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August 2018 Archives

When should you consider modifying your estate plan?

It's never wise to wait until you're on your deathbed to create your estate plan — or even until you're in your retirement years. None of us knows what the future will bring. It's wise to put an estate plan in place — at least a will once you've accumulated some assets. However, it's also essential to keep it updated as major life changes occur.

Telling people about your divorce: Prepare an 'elevator speech'

Telling people about your divorce isn't going to be a "one and done" event, even if you post a Facebook message (on your own or together with your spouse). You'll be telling friends, neighbors, colleagues, people at your kids' schools and others in your business and social spheres for weeks and months to come.

Estate planning for parents of children struggling with addiction

People put off their estate planning for many reasons. One of them is that they have an adult child who is an addict or alcoholic. They want to leave them the same amount of money and other assets as their other children, but they fear that their child would spend the money carelessly or -- worse - - use it to feed a dangerous habit. However, they don't want to disinherit them.

Estate planning can help new parents consider the future

You may have planned for the birth of your child for some time. The excitement of expecting to bring a new life into the world likely had you considering every aspect of his or her future and what your child would be like. This preparation undoubtedly helped you get ready for the baby's arrival, and while your nerves were likely not put completely at ease, you may have felt more confident that you were ready to welcome your child into a loving home.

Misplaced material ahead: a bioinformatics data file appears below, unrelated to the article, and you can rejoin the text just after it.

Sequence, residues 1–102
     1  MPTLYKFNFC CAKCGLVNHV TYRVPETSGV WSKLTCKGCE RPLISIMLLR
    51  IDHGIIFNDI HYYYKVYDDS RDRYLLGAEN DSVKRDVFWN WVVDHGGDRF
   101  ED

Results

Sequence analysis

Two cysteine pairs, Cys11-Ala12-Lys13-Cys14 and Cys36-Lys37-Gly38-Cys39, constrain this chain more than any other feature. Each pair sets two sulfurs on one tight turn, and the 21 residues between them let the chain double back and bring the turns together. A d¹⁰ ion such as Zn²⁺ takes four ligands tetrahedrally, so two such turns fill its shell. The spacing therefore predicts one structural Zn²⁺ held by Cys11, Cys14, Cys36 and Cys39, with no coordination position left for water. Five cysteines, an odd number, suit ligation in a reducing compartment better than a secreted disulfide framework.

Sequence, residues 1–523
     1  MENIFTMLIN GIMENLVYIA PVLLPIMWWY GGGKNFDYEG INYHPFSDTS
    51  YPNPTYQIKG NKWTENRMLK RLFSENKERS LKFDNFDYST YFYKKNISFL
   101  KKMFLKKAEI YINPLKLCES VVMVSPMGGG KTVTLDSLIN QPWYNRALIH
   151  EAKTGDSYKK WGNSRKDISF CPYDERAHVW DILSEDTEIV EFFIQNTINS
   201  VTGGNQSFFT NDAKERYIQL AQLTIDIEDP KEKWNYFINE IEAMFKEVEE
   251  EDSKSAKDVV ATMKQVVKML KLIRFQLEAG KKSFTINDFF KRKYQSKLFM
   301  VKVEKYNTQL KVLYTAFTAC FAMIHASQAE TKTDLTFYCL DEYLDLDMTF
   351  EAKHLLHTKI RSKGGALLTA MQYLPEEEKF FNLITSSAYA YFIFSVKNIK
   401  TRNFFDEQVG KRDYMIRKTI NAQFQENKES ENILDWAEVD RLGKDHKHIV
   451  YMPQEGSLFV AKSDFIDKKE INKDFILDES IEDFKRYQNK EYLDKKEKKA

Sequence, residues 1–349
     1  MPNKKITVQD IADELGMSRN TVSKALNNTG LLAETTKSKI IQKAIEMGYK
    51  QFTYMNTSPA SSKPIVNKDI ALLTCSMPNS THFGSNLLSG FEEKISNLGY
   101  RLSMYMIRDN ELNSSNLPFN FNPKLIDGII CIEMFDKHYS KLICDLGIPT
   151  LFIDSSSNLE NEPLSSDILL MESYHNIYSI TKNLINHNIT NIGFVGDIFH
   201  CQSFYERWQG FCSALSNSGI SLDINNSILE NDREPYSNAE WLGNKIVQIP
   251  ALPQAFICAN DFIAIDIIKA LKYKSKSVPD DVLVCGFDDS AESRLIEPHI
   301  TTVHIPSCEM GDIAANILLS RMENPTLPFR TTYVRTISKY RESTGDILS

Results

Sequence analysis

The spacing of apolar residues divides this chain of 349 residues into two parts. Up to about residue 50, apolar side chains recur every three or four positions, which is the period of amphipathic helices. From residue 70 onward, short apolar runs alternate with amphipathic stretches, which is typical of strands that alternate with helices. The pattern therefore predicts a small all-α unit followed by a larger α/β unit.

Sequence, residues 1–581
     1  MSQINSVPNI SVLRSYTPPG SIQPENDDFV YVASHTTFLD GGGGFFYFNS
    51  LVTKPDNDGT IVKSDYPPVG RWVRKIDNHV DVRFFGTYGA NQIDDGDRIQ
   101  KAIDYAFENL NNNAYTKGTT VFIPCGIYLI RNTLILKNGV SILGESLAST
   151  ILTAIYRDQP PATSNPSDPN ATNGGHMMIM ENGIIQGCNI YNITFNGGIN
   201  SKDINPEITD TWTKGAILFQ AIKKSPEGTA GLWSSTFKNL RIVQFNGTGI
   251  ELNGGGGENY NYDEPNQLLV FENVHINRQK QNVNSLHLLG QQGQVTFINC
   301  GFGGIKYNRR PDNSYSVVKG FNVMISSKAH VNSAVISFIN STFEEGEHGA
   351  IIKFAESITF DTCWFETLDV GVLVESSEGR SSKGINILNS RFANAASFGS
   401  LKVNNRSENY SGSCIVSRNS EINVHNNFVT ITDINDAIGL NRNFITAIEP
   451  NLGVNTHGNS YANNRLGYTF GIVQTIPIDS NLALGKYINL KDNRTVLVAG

Back-to-school advice for separated and divorced parents

Is this your family's first fall since you and your spouse broke up? Maybe you've been separated or divorced for a time, but one or more of your kids is moving up to middle school or high school this year. Either way, this time of year brings challenges for co-parents who are no longer together and for their children. However, with some planning and cooperation, you can make things easier -- particularly for your kids.

What is 'indirect' parenting time interference?

We've discussed the problem of people who refuse to allow their co-parent to have the visitation with their child that a court has granted them. This is considered direct interference in parenting time. Of course, the parent whose visitation rights are being denied can take action in court.

Prepare for the added expenses of raising kids in two homes

If you and your spouse will be co-parenting your children in two different households after your divorce (as most divorced co-parents do), you need to be prepared for added expenses. That's true whether you're sharing custody 50/50 or one of you will have primary custody and the other has visitation rights. These expenses should be detailed in your child support agreement to prevent conflict and confusion.

Study: Some couples blame student loan debt for their divorce

More and more couples are going into marriage with a significant amount of student loan debt, which can take decades to repay. It can impact all areas of life — including marriage. Some couples don't feel they're in a financial position to buy a home or have children while they're still paying off their student loans.

Protecting your privacy during divorce is harder than ever

You and your spouse have separated. You're considering whether to get a divorce, or perhaps you've already begun the process. You may have been living essentially separate lives for some time and may now be living apart. However, your electronic footprints may still be intertwined.

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